Sharing sexts

There is little evidence that sending sexts is by itself a risky act: for example, one 2018 study suggests that “sexting can be a healthy way for young people to explore sexuality and intimacy when it’s consensual.”[1]

Where harm is most likely to occur is when sexts are shared or forwarded. While a sext that is only ever seen by the original recipient is unlikely to cause any harm, the risks caused by sexts that are seen by others are obvious.

MediaSmarts’ research has found that roughly a third of youth are responsible for nearly all of the sharing behaviours, which includes sharing sexts (that they asked for, that they didn’t ask for, or those shared with them by someone other than the original sender), in person, by forwarding them to individuals, or by posting them to public spaces such as “revenge porn” sites.[2]

Signs that a sext has been shared

While youth whose sexts have been shared without their consent often hear about it – or see it – directly, research has also identified some things that indirectly suggest a sext may have been made public:

  • Rumours or gossip about the sender
  • Insulting messages posted about the sender
  • Others ask the sender to send them a sext
  • Others behave differently towards the sender, such as avoiding them
  • Making indirect comments such as laughing or making jokes about the sender[3]

Why young people share sexts

So why do almost half (46%) of youth who receive sexts decide to share them, and why do they – and, in many cases, their peers who may not share sexts themselves but nevertheless choose to blame the victim for having sent it in the first place – see themselves as doing nothing wrong? MediaSmarts’ research has identified main factors: gender stereotyping, moral disengagement and unhealthy social norms.

Gender stereotyping

Studies about the gendered aspects of sexting consistently show that while little criticism is attached to boys who send sexts, girls who do so are perceived as being sexually immoral: girls who sext are more easily seen as sexual, while boys who share sexts that were sent to them gain respect within their peer group.[4]

This might explain why those who share sexts don’t appear to consider it to be an ethical issue: girls who send sexts are seen as having transgressed appropriate genders roles and, therefore, have given up the right to expect that their images will not be shared or forwarded. Some researchers have found that girls may face social sanctions around sexting whether they send sexts or not: University of Michigan sexting researchers Scott Campbell and Julia Lippman found that “boys in our study described girls who did send sexts as ‘sluts’ or ‘insecure,’ whereas they characterized girls who did not send sexts as ‘prude’ or ‘stuck up’… sexting is a lose–lose proposition for girls; regardless of whether or not they sext, their behaviour is evaluated in harsh—and often sexist—terms.”[5]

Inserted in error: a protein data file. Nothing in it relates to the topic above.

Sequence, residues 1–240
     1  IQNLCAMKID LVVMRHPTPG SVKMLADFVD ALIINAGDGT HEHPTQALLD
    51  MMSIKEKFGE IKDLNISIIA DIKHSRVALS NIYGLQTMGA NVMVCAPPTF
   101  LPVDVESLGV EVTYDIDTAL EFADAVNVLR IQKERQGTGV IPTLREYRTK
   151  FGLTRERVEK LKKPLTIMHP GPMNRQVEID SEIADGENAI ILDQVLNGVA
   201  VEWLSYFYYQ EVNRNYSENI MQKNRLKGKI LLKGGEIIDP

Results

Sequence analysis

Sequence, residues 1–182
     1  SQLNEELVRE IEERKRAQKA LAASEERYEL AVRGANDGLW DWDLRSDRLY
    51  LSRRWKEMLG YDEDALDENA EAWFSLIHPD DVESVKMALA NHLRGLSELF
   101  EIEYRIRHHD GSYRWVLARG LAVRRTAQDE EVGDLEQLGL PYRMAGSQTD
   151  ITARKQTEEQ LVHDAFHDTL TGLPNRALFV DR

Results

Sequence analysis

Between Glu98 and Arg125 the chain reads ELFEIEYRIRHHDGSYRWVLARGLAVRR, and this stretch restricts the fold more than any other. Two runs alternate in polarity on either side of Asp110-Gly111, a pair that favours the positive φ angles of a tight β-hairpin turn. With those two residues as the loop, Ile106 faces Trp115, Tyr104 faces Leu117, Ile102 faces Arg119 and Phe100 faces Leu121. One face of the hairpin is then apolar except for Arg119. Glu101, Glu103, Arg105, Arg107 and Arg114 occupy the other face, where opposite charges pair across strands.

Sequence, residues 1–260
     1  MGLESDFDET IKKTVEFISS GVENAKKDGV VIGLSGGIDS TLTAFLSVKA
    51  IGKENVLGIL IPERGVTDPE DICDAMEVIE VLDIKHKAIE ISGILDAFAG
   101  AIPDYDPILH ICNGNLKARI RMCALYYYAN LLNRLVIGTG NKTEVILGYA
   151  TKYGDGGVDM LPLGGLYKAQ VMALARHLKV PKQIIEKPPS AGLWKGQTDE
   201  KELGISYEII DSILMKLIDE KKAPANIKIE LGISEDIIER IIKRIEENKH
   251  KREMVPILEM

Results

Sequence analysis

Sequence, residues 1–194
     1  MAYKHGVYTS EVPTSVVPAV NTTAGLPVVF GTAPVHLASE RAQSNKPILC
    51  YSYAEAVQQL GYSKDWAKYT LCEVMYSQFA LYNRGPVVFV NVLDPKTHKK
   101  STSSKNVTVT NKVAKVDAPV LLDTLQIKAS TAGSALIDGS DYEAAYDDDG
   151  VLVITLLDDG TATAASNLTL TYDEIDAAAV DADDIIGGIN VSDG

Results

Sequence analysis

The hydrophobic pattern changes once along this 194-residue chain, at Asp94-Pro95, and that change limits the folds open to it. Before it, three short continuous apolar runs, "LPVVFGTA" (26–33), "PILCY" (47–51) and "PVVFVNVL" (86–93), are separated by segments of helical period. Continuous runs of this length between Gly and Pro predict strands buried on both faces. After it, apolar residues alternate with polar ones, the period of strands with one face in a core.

Gender stereotyping – which can be a result of media influence as well as other factors – can lead girls to believe they must produce sexual content online in order to be what society deems sexually desirable. These explicit images posted online on social media platforms such as Instagram are seen “as a form of self-display, which in some cases can be seen as a measure of attractiveness and a new form of feminine desirability”[6] Gender roles contribute to sharing sexts being seen as a positive act, both as a sanction on inappropriate behaviour by girls and as something that is rewarded by status among boys (some studies have shown that boys gain status by sharing and forwarding sexts that were sent to them[7] and may also feel pressure to share sexts they receive or be seen as un-masculine.[8]) MediaSmarts’ research has found that holding traditional attitudes on gender, such as believing that “men should be more interested than women in sex” and “a woman cannot be truly happy unless she is in a relationship” has a powerful association with how likely youth were to have shared someone’s sexts: half (53%) of those who believed strongly in traditional gender stereotypes had shared a sext, compared to just over a sixth (18%) who had more neutral beliefs and only one in ten (9%) of those who did not believe in them. Perhaps unsurprisingly, this effect was more powerful among the boys and young men in the study, though it was significant among the girls and young women as well.[9]

Moral disengagement

Moral disengagement is used to describe the ways in which we convince ourselves to do something that we know is wrong, or to not do something we know is right. MediaSmarts’ research looked at the impact of four moral disengagement mechanisms: